2014: Is ‘Low-Cost’ Manufacturing Headed To The U.S. Next? takes an in-depth look at the results of the latest Entrada Group report, based on a study of small- and mid-size manufacturers.

A recent survey from Entrada Group titled “Where in the World?” posits a rather interesting conclusion: the U.S. is now considered the prime location for low-cost manufacturing, with Mexico a close second, and China — once the mecca of cheaply-produced goods — falling behind. It’s a far cry from the trends over the last few decades, in which American consumers saw many of their most commonly-bought items tagged with a “Made in China” label, and in which we lost a great deal of manufacturing jobs as a nation. And because it’s a rather extraordinary claim, it deserves a little more examination.

The survey was conducted between the end of 2013 and through the first quarter of 2014, and consisted mostly of respondents who work at companies in mature markets: U.S. (73 percent), Canada (14 percent) and Europe (8 percent). 62 percent of respondents are VP-level executives or higher, and 95 percent lead companies that manufacture for the North American market. Essentially, a very good cross-section for offering wisdom about the efficacy of manufacturing in North America versus abroad — whether that be China or another “low-cost” market.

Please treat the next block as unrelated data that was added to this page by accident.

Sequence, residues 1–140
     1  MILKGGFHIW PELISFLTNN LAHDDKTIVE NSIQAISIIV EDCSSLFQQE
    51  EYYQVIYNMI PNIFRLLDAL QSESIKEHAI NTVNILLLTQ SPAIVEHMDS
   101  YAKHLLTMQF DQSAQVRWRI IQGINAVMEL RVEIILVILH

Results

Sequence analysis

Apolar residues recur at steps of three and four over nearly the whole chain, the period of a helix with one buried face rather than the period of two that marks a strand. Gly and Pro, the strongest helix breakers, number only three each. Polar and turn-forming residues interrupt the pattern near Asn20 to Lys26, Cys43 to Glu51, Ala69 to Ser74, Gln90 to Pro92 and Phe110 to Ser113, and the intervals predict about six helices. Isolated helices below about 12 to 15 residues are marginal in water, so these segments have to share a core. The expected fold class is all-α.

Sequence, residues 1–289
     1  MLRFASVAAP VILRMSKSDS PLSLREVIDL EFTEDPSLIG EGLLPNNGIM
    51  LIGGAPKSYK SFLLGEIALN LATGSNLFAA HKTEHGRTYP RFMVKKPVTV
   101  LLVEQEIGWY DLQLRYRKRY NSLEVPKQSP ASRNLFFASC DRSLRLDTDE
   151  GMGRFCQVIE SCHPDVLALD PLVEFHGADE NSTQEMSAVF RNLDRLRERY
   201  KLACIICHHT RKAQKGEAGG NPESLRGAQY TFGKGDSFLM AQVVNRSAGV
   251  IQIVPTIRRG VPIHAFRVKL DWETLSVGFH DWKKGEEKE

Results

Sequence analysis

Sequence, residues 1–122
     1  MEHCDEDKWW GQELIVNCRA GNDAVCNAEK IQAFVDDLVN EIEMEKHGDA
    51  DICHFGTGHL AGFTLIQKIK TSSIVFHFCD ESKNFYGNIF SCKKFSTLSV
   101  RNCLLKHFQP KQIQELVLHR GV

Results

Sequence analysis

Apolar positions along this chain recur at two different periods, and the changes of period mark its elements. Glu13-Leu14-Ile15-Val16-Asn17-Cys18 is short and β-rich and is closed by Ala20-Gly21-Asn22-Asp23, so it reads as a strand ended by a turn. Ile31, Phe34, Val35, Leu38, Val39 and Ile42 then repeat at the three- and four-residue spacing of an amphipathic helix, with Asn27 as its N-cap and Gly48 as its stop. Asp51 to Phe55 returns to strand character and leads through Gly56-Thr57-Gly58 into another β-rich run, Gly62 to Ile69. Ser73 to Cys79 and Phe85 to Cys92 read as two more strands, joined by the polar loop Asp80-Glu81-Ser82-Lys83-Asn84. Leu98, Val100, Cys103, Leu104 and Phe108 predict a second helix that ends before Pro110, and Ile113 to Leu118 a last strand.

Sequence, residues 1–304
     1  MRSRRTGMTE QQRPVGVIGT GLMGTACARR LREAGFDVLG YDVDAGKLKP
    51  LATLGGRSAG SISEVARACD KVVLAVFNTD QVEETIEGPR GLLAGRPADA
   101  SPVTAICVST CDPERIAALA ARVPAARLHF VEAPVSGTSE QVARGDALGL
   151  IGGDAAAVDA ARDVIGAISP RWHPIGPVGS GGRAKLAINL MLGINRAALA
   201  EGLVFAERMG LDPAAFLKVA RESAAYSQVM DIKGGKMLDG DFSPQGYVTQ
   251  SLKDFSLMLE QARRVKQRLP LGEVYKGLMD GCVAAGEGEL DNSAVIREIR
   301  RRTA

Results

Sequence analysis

To get a view for the current landscape of low-cost manufacturing: China and Mexico were, unsurprisingly, the two most common current locations for cheap production, with “other Asia” and India taking third and fourth place, respectively. For those who are aiming to target Asian companies or consumers, manufacturing in China is usually a necessity, and for many, Mexico services the same role for delivering to the U.S. or Canada. At the same time, 30 percent of respondents said that low operating costs were the most important factor for positioning assets in a low-cost country.

Manufacturers that already operate in two or more locations are overwhelmingly supportive of expanding further into low-cost locations — 67 percent supported such an idea. Respondents with a single location were less bullish, with only 33 percent expecting an expansion into a low-cost country. That different between manufacturers with a single location and those with two or more will become even more important in a moment.